Government u-turns on “tampon tax” in face of Commons revolt

Paula-TamponTax.jpgThe government has embarked on a major climb-down as ministers desperately seek to avoid a double whammy of defeats in both Houses of Parliament.

 

As the Lords voted to delay tax credit changes, Treasury ministers in the Commons faced an amendment to the Finance Bill from Labour backbencher Paula Sherriff, which would have mandated the government to include a demand for a zero-rate of VAT on tampons and other female sanitary products in their EU re-negotiation package.

 

The amendment had been signed by a dozen Conservative backbenchers, and Conservatives for Britain had indicated that they had enough backbench support to put the government majority under serious threat. Every Tory MP who spoke in the debate indicated support for the Sherriff amendment.

 

Ministers sought to head off the revolt by agreeing to Sherriff’s demands that the government start negotiations at EU level, and pledged to start negotiations with the European Commission, requesting that they allow member states to zero-rate all female sanitary products. They had previously said that this would be too difficult to achieve.

 

The government did not, however, commit to a clear timeline or that this demand would be on the Prime Minister’s “shopping list” in the EU re-negotiation before a UK referendum.

 

Sherriff pledged to work with a cross-party group of backbenchers to bring forward a vote on backbench time clarifying these issues, which would not be subject to the same degree of control by government whips.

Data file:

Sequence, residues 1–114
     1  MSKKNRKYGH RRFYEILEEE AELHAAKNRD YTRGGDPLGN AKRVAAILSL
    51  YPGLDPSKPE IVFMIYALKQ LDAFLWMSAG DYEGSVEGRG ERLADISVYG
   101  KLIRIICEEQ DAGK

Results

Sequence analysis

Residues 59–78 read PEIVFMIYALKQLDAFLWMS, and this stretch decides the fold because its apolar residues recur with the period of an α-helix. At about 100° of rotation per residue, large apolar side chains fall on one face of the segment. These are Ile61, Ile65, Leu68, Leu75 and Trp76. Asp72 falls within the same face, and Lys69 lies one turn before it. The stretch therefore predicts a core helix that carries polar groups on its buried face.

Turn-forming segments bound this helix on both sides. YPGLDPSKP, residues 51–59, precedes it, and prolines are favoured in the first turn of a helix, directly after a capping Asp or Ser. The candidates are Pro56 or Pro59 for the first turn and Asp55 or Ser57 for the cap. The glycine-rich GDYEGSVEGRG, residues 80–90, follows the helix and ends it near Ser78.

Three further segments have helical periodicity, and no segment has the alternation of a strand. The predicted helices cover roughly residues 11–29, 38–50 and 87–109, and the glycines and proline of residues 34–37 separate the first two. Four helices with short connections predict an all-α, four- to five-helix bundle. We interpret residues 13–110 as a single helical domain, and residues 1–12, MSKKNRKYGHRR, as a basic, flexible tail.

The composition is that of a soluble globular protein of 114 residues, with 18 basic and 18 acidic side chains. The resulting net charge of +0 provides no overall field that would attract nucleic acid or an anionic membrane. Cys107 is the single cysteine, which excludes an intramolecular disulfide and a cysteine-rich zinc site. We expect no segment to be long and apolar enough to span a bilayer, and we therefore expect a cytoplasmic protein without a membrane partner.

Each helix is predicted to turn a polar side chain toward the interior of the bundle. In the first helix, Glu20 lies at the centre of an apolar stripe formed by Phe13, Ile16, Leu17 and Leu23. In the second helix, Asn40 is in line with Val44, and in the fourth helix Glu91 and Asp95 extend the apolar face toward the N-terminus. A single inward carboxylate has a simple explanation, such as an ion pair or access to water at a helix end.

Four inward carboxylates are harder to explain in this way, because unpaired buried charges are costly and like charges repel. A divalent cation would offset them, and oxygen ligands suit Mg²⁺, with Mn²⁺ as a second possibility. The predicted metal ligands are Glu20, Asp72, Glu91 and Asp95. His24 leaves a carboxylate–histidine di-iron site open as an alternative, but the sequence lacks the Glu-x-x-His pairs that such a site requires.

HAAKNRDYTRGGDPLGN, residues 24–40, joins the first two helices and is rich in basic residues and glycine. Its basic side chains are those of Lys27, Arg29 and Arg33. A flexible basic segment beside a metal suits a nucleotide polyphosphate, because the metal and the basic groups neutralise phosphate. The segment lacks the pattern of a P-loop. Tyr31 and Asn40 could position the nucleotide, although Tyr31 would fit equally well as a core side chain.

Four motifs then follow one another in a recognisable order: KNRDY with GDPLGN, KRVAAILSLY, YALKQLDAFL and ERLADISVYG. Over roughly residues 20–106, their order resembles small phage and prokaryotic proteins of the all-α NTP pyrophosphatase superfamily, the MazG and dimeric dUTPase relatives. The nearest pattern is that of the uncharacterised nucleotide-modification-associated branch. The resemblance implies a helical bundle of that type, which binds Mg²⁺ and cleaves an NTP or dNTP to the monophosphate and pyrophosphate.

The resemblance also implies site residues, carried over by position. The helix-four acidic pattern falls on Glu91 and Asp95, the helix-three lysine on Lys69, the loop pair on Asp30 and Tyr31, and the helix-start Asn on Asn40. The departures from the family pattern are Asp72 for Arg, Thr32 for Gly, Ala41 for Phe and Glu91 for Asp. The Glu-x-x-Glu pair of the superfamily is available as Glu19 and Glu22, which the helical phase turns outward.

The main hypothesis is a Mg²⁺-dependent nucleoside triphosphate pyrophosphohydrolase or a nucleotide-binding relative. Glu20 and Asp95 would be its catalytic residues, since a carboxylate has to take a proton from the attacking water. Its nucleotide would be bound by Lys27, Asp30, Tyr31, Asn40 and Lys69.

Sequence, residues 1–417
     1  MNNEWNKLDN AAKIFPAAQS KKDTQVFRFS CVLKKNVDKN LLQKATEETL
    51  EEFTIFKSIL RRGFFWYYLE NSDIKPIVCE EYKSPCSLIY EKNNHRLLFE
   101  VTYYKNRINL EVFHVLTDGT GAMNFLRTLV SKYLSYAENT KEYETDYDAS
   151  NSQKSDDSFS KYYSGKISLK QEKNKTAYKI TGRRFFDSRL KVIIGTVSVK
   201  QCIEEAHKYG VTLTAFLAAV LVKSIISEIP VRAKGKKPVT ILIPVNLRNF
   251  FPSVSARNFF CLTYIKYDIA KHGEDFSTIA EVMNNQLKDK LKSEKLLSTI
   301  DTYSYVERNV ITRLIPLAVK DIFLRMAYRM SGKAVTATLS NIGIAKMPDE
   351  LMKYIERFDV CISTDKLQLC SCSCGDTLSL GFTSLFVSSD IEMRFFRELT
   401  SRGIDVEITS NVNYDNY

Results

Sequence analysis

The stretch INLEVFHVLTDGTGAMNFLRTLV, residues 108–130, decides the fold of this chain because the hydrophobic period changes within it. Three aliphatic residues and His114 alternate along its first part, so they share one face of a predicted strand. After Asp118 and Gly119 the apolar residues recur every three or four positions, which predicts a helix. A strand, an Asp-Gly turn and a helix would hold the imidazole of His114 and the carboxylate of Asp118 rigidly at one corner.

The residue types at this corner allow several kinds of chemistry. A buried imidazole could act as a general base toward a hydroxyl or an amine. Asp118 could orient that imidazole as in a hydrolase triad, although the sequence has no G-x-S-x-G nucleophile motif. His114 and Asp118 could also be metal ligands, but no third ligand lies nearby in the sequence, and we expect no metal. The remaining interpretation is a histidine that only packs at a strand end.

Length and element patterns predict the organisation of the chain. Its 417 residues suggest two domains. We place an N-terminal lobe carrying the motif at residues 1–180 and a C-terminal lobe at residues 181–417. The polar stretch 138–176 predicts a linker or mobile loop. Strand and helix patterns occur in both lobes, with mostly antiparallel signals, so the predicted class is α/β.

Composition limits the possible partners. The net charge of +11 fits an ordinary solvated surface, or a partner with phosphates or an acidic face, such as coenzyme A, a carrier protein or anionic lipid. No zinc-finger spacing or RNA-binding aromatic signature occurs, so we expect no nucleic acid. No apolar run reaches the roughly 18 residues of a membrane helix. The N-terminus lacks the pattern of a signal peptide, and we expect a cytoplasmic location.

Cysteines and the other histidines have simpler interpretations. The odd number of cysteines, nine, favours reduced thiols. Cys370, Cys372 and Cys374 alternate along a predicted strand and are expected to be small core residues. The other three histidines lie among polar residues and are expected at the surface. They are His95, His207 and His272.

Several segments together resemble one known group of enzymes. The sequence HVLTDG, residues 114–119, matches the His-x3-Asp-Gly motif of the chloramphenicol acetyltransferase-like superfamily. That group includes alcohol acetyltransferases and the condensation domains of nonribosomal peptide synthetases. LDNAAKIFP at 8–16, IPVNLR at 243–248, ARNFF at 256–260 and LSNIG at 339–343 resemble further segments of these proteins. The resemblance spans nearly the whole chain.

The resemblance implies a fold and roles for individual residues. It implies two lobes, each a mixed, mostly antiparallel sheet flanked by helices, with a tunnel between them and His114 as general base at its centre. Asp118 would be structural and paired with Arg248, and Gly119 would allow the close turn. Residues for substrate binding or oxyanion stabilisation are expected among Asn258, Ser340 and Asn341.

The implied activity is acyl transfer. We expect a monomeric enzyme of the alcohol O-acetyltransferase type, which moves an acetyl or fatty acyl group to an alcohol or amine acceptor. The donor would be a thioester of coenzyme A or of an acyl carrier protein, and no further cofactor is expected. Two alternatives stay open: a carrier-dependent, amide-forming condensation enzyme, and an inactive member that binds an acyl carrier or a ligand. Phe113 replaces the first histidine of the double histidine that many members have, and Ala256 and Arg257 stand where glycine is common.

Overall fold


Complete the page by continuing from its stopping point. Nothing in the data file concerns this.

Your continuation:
Moving her amendment in the Commons, Paula Sherriff said:

 

“It is time to end the tampon tax once and for all and today in this House we have the chance to take a step towards achieving that. It is absurd that tampons and sanitary towels are taxed as luxuries not essentials in Britain, and not treated as a ‘public service activity’ or medical provision by European law. Almost a quarter of a million people from the across the country have signed up to call for that to change, and it’s about time they were heard in Westminster and Brussels.

 

“Quite simply, a tax system that lets you dine on crocodile steak on your private jet without paying a penny, when we can’t survive a period without the Treasury taxing us for it, cannot be a fair one.

 

“Periods are a fact of life and it’s not like women have a choice. Many were shocked to see Kiran Ghandi run the London Marathon without a tampon to highlight that too many women around the world do not have access to sanitary products. But that’s the point – this is a basic matter of biology and it is time to end the taboo. Here in this country, we can buy tampons but we are taxed for it.

 

Frankly VAT on tampons is the Vagina Added Tax. A tax on women, pure and simple.”

 

 

 

 


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